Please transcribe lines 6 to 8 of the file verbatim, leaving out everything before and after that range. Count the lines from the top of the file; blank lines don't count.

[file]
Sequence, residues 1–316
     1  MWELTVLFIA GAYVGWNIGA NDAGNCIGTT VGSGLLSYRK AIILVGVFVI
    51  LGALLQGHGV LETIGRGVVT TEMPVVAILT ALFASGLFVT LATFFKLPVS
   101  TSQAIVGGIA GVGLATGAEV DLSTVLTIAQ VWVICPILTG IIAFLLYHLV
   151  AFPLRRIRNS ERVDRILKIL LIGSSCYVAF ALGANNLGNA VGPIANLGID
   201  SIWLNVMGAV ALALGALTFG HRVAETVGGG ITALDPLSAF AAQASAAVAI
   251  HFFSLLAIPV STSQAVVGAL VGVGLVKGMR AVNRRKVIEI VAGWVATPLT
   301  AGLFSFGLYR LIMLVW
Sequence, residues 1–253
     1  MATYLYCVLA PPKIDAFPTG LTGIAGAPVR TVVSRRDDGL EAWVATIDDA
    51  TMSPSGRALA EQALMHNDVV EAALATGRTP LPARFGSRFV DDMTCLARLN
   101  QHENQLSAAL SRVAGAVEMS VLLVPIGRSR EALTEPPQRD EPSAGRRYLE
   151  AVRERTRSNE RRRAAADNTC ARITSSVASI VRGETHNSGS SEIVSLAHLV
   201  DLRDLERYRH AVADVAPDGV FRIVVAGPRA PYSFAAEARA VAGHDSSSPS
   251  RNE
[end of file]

   201  SIWLNVMGAV ALALGALTFG HRVAETVGGG ITALDPLSAF AAQASAAVAI
   251  HFFSLLAIPV STSQAVVGAL VGVGLVKGMR AVNRRKVIEI VAGWVATPLT
   301  AGLFSFGLYR LIMLVW